It’s coming — a COVID-19 vaccine passport.
Politicians all over the world are using the coronavirus pandemic to assert new controls over their citizens. Next up will be a vaccination passport, indicating whether an individual has been vaccinated or has had the virus, in order to travel freely.
The European Commission has already asserted such a move is forthcoming. It will present a legislative plan this month for what it calls a “digital green pass,” or a digital certificate to provide government officials proof a person has been vaccinated, in order to help facilitate cross-border travel.
Ursula von der Leyen, the president of the European Commission, said the passport will “respect data protection, security and privacy.”
Yeah, right. It sounds like a biological Patriot Act to me — allowing governments to collect information on their citizens, infringing on their civil liberties — all in the name of enhanced “protection.”
People will face the choice: Either get a COVID-19 vaccination and submit to government control, or face discrimination.
According to Reuters, the Commission wants to ensure its “digital green pass,” works not only in European Union member countries, but outside the EU as well. It wants to work with international organizations to help codify its efforts.
Big Tech seems to be on board.
Apple placed limitations on developers building “vaccine passport” apps and said they would only be allowed if the developer was working with recognized public health authorities or companies associated with them.
Currently, there is no officially recognized vaccine passport or certificate, but all of that will change with the European Commission’s plan. Once the Commission signs off on its “digital green pass,” app developers will be unleashed.
This raises so many questions — will governments allow Big Tech and developers to access their citizens’ health records to develop such an app? How will Big Tech ensure these apps responsibly handle sensitive data and provide reliable functionality?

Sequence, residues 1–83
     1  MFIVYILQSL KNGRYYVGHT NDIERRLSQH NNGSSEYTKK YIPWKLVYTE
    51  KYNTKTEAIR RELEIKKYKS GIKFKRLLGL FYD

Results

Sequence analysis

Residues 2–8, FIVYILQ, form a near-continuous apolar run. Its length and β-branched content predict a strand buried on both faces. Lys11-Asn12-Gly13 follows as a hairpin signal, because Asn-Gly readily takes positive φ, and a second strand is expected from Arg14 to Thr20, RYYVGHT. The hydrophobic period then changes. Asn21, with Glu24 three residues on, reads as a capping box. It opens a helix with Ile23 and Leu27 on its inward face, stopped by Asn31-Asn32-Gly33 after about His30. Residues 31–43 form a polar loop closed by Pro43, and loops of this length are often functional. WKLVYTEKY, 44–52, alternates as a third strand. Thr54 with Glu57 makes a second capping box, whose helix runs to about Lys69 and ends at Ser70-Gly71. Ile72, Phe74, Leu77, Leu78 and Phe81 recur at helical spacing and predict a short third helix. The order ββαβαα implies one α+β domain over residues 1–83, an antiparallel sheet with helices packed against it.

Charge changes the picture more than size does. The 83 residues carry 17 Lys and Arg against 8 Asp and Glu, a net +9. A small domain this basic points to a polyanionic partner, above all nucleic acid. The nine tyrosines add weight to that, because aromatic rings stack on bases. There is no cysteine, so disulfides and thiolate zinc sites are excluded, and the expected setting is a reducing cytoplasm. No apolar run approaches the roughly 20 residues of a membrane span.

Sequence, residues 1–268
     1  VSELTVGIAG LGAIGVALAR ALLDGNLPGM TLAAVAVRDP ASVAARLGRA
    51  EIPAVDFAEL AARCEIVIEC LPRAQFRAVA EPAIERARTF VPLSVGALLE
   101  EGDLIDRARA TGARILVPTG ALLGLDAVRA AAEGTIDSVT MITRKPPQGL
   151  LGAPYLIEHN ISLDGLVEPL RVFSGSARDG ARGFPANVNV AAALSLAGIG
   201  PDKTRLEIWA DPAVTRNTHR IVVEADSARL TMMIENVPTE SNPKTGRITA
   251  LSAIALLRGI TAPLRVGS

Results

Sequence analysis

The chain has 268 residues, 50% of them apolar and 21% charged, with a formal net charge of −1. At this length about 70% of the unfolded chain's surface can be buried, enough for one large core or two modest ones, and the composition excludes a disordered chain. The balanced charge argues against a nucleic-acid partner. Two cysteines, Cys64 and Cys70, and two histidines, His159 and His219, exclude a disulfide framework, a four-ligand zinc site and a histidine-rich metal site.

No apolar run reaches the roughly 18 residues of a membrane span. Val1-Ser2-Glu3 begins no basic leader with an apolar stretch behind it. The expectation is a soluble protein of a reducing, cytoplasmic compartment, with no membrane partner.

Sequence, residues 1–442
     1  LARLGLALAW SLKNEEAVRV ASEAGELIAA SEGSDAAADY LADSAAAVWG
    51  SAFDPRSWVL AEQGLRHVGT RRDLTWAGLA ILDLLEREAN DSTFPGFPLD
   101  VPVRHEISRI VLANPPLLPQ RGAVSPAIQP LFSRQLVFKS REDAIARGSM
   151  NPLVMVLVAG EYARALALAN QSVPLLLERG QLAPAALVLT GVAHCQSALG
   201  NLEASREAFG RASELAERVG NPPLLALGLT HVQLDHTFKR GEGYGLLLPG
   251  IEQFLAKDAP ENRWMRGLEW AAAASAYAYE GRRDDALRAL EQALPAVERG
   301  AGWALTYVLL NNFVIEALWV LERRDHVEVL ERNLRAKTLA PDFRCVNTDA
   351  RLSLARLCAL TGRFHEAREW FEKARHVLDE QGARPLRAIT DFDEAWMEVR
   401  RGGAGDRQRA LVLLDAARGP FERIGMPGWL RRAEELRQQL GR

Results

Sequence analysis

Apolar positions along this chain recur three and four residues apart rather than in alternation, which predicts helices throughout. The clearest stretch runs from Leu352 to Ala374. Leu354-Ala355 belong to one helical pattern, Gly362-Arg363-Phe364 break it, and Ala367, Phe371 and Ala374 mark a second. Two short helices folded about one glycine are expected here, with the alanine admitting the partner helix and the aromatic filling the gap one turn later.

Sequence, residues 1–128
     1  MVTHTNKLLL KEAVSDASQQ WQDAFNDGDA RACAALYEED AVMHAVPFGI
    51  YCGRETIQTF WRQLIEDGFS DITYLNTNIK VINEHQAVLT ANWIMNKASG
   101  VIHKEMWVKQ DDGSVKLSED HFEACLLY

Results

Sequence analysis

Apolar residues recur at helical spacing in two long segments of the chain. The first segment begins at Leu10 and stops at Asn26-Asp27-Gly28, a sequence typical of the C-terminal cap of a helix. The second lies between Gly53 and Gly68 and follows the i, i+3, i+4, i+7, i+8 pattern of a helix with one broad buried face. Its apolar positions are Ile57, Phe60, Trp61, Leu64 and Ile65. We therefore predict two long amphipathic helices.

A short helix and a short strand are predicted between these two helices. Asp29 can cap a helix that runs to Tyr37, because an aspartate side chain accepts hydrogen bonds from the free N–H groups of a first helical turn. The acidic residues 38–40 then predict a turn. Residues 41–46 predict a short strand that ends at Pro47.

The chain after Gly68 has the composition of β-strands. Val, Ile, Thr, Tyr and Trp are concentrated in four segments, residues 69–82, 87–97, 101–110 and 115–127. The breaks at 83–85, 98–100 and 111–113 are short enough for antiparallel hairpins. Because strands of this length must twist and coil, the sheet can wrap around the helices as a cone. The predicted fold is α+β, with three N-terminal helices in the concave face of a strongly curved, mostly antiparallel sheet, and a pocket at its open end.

Will the app only be applied to international travel or will it bleed into the corporate world? Will companies use it to discriminate against those who haven’t been vaccinated? Is demanding to know someone’s vaccine status even legal — shouldn’t such health information remain private? And won’t the passport exacerbate the public’s mistrust in vaccines by making them appear mandatory?
Don’t think the European Commission’s plan won’t affect Americans. Any frequent traveler knows a vaccination passport is only a matter of time.
The International Air Transport Association is developing its own health app that allows travelers to store verified test or vaccination results on their mobile devices. JetBlue is preparing to use a similar app on flights to Aruba. Other airlines, including Virgin Atlantic and United, are testing a CommonPass app — where passengers will be able to take a coronavirus test at home, send it to a lab and then have their results uploaded on the app and scanned when loading the plane.
A coronavirus vaccination may not be required (now) to board domestic flights; however, Delta’s CEO, Ed Bastian, told NBC’s “Today Show” that it may be something exclusive to international travel, “whether the airlines do it or international authorities do it,” the AARP reported.
And in January, when asked if a vaccination passport could be required in the U.S., Dr. Anthony Fauci responded: “Anything is on the table. Anything is possible, of course.”
Brace yourselves — the vaccination passport is coming.
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